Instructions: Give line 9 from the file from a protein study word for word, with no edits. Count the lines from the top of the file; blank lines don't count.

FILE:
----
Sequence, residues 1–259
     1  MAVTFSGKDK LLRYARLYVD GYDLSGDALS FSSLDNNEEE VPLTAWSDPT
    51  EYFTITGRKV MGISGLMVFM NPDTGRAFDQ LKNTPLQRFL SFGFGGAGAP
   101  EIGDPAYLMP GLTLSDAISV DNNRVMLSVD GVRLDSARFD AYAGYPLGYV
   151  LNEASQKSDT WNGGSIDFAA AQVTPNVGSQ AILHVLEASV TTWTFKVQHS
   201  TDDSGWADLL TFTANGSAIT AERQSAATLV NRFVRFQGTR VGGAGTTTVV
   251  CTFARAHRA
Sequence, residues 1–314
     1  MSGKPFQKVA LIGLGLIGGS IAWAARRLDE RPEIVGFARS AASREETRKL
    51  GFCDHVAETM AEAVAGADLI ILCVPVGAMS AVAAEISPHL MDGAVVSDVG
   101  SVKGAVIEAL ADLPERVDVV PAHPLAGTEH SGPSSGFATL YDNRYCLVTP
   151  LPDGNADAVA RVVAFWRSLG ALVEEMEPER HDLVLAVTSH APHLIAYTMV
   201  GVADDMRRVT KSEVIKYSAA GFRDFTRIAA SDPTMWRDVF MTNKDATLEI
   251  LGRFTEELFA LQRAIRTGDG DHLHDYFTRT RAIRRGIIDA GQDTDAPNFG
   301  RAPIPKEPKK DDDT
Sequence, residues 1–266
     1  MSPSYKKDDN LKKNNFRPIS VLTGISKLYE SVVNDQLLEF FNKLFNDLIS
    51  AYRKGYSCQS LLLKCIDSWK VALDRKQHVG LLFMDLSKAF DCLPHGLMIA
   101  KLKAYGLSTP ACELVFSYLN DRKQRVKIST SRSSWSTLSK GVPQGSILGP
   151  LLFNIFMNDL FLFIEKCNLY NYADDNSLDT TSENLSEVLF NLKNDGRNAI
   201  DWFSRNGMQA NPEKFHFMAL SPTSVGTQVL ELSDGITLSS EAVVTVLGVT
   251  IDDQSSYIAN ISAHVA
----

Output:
     1  MSGKPFQKVA LIGLGLIGGS IAWAARRLDE RPEIVGFARS AASREETRKL